In the small Himalayan kingdom of Bhutan, record-breaking was achieved: at the end of March and beginning of April, more than two thirds of the population were vaccinated against Covid-19 with a dose of Astra Zeneca within a few days. To this end, 1.200 vaccination stations have been set up across the country in the impassable 750.000-inhabitant state. The fast vaccination was mainly made possible by its large neighbor India, which had already provided Bhutan with the vaccines in January. The Indian export ban is now also affecting Bhutan, whose residents are waiting for the second dose. However, there are signals that Switzerland could donate the doses it needs.
Millions of supplies for Covax
What other wheels can be turned so that developing countries can move forward as quickly as possible in meeting their vaccination needs? On the one hand, the pharmaceutical companies have announced that they will give Covax en masse vaccines at cost price. BioNTech and Pfizer, for example, have promised to make one billion doses available by the end of the year. On the other hand, there is a willingness on the part of the industrialized countries to donate excess vaccination doses. Many of them have ordered significantly more vaccine than they need to immunize the population (Canada has ordered six times more doses than its population, while in Austria vaccine coverage is around XNUMX percent). In addition, the German Chancellor Angela Merkel announced on the sidelines of the GXNUMX summit in Cornwall, England, that the seven major industrialized countries will donate XNUMX billion vaccine doses to poorer countries by the end of XNUMX.
The G7 will also strengthen the Covax umbrella program, the ACT accelerator, financially. In addition to vaccinations, it also provides diagnostics and therapeutics to poorer countries. Currently, around 13 billion euros are missing to carry out the projects planned for this year. According to a recent Study by the International Chamber of Commerce the required funds are disproportionate to the costs that the global economy would have to bear if the infections continued to spread in emerging and developing countries. The full capitalization of the ACT Accelerator is therefore "a clear investment case".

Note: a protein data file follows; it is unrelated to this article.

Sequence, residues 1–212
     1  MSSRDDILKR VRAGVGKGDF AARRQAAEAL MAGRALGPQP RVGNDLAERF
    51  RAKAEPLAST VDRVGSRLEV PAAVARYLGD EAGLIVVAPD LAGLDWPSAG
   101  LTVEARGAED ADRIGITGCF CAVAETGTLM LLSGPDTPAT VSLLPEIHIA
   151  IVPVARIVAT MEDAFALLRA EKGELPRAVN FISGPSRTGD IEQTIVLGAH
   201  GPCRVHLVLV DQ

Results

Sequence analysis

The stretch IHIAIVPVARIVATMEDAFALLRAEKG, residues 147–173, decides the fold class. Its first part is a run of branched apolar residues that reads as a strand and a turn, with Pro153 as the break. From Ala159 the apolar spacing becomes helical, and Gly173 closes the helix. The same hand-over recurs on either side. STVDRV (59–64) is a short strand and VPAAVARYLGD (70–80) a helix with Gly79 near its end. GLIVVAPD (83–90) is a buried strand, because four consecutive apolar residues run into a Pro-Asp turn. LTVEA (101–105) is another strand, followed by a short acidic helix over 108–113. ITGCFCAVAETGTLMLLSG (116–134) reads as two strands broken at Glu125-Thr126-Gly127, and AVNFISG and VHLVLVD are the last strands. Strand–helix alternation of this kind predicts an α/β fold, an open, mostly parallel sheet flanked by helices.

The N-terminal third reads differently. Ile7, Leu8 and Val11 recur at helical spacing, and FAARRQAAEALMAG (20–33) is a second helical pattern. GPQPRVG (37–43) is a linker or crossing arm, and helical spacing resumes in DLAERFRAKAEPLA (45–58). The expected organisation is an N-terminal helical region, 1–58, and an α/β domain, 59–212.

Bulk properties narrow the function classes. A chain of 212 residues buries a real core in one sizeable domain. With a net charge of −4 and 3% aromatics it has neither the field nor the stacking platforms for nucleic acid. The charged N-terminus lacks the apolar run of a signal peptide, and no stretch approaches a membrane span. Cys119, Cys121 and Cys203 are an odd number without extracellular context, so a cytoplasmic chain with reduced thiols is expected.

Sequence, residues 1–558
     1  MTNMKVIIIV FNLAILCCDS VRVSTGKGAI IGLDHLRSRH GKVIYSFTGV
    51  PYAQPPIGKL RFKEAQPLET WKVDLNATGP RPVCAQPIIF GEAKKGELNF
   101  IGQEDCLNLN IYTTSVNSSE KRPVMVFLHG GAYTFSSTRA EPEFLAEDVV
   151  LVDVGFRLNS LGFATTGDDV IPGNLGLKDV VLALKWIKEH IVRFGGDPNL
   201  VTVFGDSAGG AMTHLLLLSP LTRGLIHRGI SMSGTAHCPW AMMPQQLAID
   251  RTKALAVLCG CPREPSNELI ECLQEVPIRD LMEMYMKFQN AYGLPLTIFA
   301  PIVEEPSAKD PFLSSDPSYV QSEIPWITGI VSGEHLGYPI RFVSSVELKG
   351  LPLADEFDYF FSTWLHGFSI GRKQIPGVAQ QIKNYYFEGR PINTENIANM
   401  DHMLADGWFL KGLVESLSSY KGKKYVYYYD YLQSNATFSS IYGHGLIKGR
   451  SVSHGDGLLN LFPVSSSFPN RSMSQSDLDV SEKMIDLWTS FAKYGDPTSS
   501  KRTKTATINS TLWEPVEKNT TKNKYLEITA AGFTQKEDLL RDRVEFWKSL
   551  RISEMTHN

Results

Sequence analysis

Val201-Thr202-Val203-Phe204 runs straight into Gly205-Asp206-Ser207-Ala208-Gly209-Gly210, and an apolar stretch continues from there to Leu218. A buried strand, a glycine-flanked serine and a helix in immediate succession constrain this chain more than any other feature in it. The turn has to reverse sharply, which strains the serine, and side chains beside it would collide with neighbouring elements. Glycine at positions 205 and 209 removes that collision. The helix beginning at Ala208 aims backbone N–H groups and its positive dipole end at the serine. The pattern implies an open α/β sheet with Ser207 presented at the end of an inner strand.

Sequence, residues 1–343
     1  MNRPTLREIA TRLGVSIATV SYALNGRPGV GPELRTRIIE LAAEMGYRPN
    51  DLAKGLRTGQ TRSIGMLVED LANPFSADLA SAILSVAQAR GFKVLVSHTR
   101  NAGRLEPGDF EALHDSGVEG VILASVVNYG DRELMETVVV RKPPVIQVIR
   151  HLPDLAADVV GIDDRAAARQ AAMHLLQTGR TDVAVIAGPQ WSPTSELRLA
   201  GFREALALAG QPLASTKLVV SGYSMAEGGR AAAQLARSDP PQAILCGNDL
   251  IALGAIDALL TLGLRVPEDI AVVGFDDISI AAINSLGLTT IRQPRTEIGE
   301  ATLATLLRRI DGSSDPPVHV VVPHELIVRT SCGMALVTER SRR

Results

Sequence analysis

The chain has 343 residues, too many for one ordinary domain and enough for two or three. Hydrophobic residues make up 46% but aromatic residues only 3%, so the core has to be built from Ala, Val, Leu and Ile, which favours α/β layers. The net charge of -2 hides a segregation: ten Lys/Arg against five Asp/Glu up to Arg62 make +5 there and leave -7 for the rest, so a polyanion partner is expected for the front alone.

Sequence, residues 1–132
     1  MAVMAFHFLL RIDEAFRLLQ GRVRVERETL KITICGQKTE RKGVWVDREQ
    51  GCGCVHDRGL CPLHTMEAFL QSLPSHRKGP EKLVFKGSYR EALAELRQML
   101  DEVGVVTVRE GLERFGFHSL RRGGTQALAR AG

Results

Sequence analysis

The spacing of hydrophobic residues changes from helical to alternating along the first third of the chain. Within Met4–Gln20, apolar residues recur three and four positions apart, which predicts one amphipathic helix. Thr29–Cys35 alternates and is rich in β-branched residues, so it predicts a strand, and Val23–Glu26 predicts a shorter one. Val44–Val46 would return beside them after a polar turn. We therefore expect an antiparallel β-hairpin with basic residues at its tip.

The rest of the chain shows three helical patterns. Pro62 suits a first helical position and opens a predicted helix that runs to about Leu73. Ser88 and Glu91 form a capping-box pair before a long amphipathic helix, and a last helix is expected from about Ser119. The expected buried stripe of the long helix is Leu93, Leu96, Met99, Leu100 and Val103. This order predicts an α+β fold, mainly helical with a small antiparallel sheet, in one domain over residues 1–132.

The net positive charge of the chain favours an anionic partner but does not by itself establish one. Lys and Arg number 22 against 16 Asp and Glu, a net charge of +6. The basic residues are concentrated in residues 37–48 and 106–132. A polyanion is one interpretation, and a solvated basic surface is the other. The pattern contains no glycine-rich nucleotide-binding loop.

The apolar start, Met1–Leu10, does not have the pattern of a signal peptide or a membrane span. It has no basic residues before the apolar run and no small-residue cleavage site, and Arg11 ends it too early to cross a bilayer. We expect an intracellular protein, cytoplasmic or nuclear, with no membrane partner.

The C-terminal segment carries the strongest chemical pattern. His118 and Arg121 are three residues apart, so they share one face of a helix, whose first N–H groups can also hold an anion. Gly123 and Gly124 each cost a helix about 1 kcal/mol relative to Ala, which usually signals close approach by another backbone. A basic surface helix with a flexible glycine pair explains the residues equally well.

Covax has sand in the gear
The first dose of Covax vaccine was given to Nana Akufo-Addo on February 24th. Akufo-Addo is not a health worker, but the President of Ghana. With his vaccination, he wanted to set a good example for his compatriots, he said. 600.000 doses produced by the Serum Institute by the manufacturer AstraZeneca were on board the plane to Accra, and 100.000 people in Ghana were vaccinated on the first day.
Because of the lack of doses from India, many of the first vaccinated people are still waiting for their second dose. "We were able to send a few cans to Ghana through donations and redistributions, but that is not enough," reports Covax coordinator Benjamin Schreiber. In mid-June, Covax had delivered a total of around XNUMX million vaccine doses to XNUMX countries. Christoph Strupat, health expert at the German Development Institute DIE, draws an interim balance: "So far, Covax has lagged significantly behind expectations and goals."
Interview with Benjamin Schreiber, Covax coordinator
Expansion of production
Ultimately, it is necessary to significantly expand production. In recent years, global vaccine demand has reached a volume of three to five billion doses, this year the need is an additional twelve billion Covid vaccine doses - an increase that is hardly solvable for the private sector only.
Morocco vaccinated faster than most European countries in the spring and vaccinated by far the most people in other African countries. By mid-June, around 25 percent of the almost 40 million inhabitants had received at least one dose. The WHO celebrated the kingdom as a “prime example” for a successful vaccination campaign, for example because the country relied on several providers at an early stage and a functioning digital platform allows appointments to be made quickly. Because of the Indian export ban, however, the Moroccan vaccination campaign has recently lost much of its pace.